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The Weakest Link Hypothesis For Adaptive Capacity: An Empirical Test

Author

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  • Richard S.J. Tol

    () (Economic and Social Research Institute, Dublin)

  • Gary W. Yohe

Abstract

Yohe and Tol (2001) built an indexing method for vulnerability based on the hypothesis that the adaptive capacity for any system facing a vector of external stresses could be explained by the weakest of eight underlying determinants – the so-called “weakest link” hypothesis. Subsequent work supported the hypothesis by analogy from other contexts, but we now offer perhaps the first attempt to explore its validity through empirical means. We estimate a structural form designed to accommodate the full range of possible interactions across determinants. The perfect complement case of the pure “weakest-link” formulation lies on one extreme, and the perfect substitute case where each determinant can compensate for all others at constant rates is the other limiting case. For vulnerability to natural disasters, infant mortality and drinking water treatment, we find qualified support for a modified weakest link hypothesis: the weakest indicator plays an important role, but is not essential because other factors can compensate (with increasing difficulty). For life expectancy, sanitation and nutrition, we find a relationship that is close to linear – the perfect substitute case where the various determinants of adaptive capacity can compensate for each other. Moreover, we find another source of diversity in the assessment of vulnerability, since the factors from which systems draw to create adaptive capacity are different for different risks.

Suggested Citation

  • Richard S.J. Tol & Gary W. Yohe, 2006. "The Weakest Link Hypothesis For Adaptive Capacity: An Empirical Test," Working Papers FNU-97, Research unit Sustainability and Global Change, Hamburg University, revised Jan 2006.
  • Handle: RePEc:sgc:wpaper:97
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    File URL: http://www.fnu.zmaw.de/fileadmin/fnu-files/publication/working-papers/weakestlinkwp.pdf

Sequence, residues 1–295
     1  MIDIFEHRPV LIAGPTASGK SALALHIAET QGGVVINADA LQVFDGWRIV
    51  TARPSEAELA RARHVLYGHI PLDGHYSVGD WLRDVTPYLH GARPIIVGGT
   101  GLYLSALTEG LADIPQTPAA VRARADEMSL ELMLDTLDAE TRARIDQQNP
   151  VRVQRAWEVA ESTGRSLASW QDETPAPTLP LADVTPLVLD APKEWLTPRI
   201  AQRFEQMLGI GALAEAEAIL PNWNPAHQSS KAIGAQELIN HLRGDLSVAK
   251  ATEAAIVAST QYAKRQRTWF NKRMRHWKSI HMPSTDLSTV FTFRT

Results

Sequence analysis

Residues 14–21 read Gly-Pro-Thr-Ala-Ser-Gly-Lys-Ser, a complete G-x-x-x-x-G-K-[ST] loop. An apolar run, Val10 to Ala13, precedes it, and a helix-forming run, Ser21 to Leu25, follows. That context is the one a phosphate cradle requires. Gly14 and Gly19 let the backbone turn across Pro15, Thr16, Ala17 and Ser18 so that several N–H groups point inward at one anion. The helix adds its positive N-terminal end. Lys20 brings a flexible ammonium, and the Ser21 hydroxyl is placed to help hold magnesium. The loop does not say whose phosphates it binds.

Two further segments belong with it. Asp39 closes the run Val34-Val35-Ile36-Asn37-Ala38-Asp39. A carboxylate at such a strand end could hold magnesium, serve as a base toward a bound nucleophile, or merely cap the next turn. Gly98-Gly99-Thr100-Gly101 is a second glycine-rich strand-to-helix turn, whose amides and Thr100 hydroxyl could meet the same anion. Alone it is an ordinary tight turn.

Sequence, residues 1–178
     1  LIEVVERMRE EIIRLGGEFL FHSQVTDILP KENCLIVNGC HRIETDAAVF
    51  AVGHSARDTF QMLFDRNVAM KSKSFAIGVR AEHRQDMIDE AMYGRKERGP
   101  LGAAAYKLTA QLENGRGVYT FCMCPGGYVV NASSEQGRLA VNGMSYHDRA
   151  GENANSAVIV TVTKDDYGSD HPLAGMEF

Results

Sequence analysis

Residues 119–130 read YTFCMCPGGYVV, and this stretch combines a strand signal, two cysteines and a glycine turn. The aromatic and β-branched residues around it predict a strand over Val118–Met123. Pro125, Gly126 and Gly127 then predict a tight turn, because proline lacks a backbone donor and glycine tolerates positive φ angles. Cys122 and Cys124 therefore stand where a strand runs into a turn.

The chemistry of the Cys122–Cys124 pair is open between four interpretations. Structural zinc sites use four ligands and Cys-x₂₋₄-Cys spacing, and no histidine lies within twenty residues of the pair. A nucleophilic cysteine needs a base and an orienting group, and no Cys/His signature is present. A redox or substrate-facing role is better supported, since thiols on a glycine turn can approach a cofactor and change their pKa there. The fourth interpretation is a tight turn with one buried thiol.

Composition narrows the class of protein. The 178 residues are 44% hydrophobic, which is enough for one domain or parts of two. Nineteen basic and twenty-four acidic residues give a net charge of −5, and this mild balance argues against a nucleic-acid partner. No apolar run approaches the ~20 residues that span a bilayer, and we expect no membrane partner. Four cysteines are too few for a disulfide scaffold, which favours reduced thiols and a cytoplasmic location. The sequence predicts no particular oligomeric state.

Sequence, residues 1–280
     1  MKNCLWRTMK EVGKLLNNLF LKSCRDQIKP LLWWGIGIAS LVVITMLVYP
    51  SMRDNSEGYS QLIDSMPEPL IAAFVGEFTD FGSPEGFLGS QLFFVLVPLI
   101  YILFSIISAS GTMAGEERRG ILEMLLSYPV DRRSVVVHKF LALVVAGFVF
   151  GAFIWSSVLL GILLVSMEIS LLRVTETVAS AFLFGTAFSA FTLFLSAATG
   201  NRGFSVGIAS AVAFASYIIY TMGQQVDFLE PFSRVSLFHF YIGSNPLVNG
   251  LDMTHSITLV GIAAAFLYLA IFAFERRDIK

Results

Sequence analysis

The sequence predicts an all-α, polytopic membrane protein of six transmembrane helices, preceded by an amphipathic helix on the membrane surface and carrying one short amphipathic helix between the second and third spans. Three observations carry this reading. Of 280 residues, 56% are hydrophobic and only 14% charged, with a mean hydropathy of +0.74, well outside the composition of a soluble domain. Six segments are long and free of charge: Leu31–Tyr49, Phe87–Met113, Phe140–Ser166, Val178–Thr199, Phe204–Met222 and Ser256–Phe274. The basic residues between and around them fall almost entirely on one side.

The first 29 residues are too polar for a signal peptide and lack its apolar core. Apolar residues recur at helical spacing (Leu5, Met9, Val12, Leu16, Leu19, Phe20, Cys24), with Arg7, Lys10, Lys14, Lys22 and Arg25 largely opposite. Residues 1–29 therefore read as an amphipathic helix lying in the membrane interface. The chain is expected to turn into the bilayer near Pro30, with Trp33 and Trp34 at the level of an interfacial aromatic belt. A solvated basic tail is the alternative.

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    References listed on IDEAS

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    1. L. ALAN WINTERS & NEIL McCULLOCH & ANDREW McKAY, 2015. "Trade Liberalization and Poverty: The Evidence So Far," World Scientific Book Chapters,in: Non-Tariff Barriers, Regionalism and Poverty Essays in Applied International Trade Analysis, chapter 14, pages 271-314 World Scientific Publishing Co. Pte. Ltd..
    2. Gary W. Yohe & Richard S.J. Tol, 2001. "Indicators for Social and Economic Coping Capacity – Moving Toward at Working Definition of Adaptive Capacity," Working Papers FNU-8, Research unit Sustainability and Global Change, Hamburg University, revised Jun 2001.
    3. repec:rus:hseeco:70719 is not listed on IDEAS
    4. Xavier Sala-I-Martin & Gernot Doppelhofer & Ronald I. Miller, 2004. "Determinants of Long-Term Growth: A Bayesian Averaging of Classical Estimates (BACE) Approach," American Economic Review, American Economic Association, vol. 94(4), pages 813-835, September.
    5. Scott Rozelle & Johan F.M. Swinnen, 2004. "Success and Failure of Reform: Insights from the Transition of Agriculture," Journal of Economic Literature, American Economic Association, vol. 42(2), pages 404-456, June.
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    Cited by:

    1. Tol, Richard S.J. & Ebi, Kristie L. & Yohe, Gary W., 2007. "Infectious disease, development, and climate change: a scenario analysis," Environment and Development Economics, Cambridge University Press, vol. 12(05), pages 687-706, October.
    2. Zoltán J. Ács & Erkko Autio & László Szerb, 2015. "National Systems of Entrepreneurship: Measurement issues and policy implications," Chapters,in: Global Entrepreneurship, Institutions and Incentives, chapter 28, pages 523-541 Edward Elgar Publishing.
    3. J. Gupta & E. Bergsma & C. J. A. M. Termeer & G. R. Biesbroek & M. Brink & P. Jong & J. E. M. Klostermann & S. Meijerink & S. Nooteboom, 2016. "The adaptive capacity of institutions in the spatial planning, water, agriculture and nature sectors in the Netherlands," Mitigation and Adaptation Strategies for Global Change, Springer, vol. 21(6), pages 883-903, August.
    4. Richard S. J. Tol, 2009. "The Economic Effects of Climate Change," Journal of Economic Perspectives, American Economic Association, vol. 23(2), pages 29-51, Spring.

    More about this item

    Keywords

    Adaptive capacity; vulnerability; weakest-link hypothesis; substitution;

    JEL classification:

    • Q54 - Agricultural and Natural Resource Economics; Environmental and Ecological Economics - - Environmental Economics - - - Climate; Natural Disasters and their Management; Global Warming

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